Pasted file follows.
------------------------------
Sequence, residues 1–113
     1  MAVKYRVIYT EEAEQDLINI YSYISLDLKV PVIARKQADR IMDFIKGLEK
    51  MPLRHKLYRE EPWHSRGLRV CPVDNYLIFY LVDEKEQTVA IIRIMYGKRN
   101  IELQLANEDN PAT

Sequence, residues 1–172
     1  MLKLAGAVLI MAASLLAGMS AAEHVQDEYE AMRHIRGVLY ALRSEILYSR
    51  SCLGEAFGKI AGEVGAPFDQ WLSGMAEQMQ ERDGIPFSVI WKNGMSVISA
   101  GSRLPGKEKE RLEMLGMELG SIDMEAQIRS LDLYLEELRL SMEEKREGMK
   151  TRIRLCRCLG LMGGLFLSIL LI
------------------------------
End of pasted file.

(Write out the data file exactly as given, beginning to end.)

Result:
Sequence, residues 1–113
     1  MAVKYRVIYT EEAEQDLINI YSYISLDLKV PVIARKQADR IMDFIKGLEK
    51  MPLRHKLYRE EPWHSRGLRV CPVDNYLIFY LVDEKEQTVA IIRIMYGKRN
   101  IELQLANEDN PAT

Sequence, residues 1–172
     1  MLKLAGAVLI MAASLLAGMS AAEHVQDEYE AMRHIRGVLY ALRSEILYSR
    51  SCLGEAFGKI AGEVGAPFDQ WLSGMAEQMQ ERDGIPFSVI WKNGMSVISA
   101  GSRLPGKEKE RLEMLGMELG SIDMEAQIRS LDLYLEELRL SMEEKREGMK
   151  TRIRLCRCLG LMGGLFLSIL LI